And frankly I have asked sister after sister, you know, “What do you think of this? You find that appealing? Attractive? You know, I’m just curious, ’cause I’m not a woman.” Uh, and you know what? I’ve not met one yet that thought they look good.
But like I’ve been telling others, and this is a fact, the homosexuals that are designing these clothes, they like you in tight pants. That’s who likes it. Not spiritual people. So, just something to consider with dress and grooming. Is it appropriate? Is it modest? If not, do something about it if you’re a spiritual family.
Okay, it would be one thing to say there is a lot there to unpack, but in truth there is not. Basically this is what it comes down to: First, sir, you’re wrong. Take it from me; I’m gay and the only people who notice my tight pants are heterosexual men. As a matter of fact we were joking about that on Sunday as we all gathered for our communal prayers in front of the television as the Seahawks struggled through another weak team to barely pull out a win. But it’s true, I was wearing the really, really gay looking blue slacks with the Italian name on the label and the puffy pleats in the front and high waist that requires my belt be tighter than any other pants I wear. Got ’em years ago, for work, at a department store. The Italian name on the label is just that, an Italian name on the label to make people think the pants cost more than twenty bucks.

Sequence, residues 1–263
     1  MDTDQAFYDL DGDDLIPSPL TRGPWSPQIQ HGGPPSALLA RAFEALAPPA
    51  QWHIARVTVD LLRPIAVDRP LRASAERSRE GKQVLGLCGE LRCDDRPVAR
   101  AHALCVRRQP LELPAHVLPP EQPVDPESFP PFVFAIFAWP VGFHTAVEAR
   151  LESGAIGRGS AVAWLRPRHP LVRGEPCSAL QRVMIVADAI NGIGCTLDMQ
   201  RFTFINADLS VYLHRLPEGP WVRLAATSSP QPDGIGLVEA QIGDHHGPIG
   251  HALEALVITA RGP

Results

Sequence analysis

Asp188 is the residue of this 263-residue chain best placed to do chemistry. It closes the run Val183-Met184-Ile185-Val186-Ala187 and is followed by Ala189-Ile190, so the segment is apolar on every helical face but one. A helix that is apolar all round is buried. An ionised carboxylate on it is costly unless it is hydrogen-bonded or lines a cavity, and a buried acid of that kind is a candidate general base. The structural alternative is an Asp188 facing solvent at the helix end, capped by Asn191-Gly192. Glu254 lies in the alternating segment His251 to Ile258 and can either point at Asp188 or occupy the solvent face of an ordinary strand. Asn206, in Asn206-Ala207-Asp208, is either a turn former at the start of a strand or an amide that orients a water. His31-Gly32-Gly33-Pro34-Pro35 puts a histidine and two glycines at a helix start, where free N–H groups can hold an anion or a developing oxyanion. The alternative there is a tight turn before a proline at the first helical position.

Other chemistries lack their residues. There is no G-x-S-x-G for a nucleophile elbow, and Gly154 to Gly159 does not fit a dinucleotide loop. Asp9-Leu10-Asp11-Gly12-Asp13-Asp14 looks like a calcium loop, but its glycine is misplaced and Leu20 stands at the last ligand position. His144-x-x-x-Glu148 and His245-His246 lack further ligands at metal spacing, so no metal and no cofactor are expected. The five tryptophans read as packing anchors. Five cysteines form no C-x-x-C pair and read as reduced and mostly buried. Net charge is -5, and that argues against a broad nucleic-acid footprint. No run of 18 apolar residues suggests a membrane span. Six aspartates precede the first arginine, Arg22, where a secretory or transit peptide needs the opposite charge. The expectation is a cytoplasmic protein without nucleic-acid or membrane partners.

First time all season I showed up for the football game without wearing skinny jeans, I was told. My skinny jeans were in the wash, I replied, and everybody laughed. Really, though. No joke. So were my saggy jeans, my baggy jeans, and my raggy jeans.ε
But it’s true that my skinny jeans don’t get any notice from gay men. Or, rather, if they do, I get scratched off the list. Not manly enough, or something.
As to the women you are asking, sir? Well, they’re Jehovah’s Witnesses.
Not that skinny jeans will get women falling all over a guy. On those rare occasions that a woman gets all gaga over something about me, it’s usually my hair. Which certainly isn’t part of the gay fashion conspiracy else it would be cut short and I’d be wearing more gel on my head than hair. Even with the Freddie Mercury mustache … if I grew one.
Seriously, he ain’t gay anymore? And you know what gay men think? How in the name of Christ do either of those ideas work?
You know who else thought about gay men too much? Rev. Haggard. Dr. Rekers. Pastor Long.
So let me ask you again: How much time do you spend thinking about gay men?
And what makes you so sure you know how gay men think?
As for anyone else, well, yeah. This is why it’s funny.
β Admittedly, not fair. It’s a trick question, as we don’t understand him, either.
γ So do slips of the tongue and promises to not get it in your hair. Go figure.
δ a.k.a., Jehovah’s Witnesses.
ε For the record, it’s not like I actually buy baggy jeans; it’s just a disagreement between the homosexual designers at Levi Strauss and myself about how my body is shaped. Then again, as I understand it, when the problem is that they’re guessing me heavier than I am, I should be thankful. So, no. I’m not complaining.
Schmader, David. “The Week in Religious Theatrics”. Slog. 11 November 2014.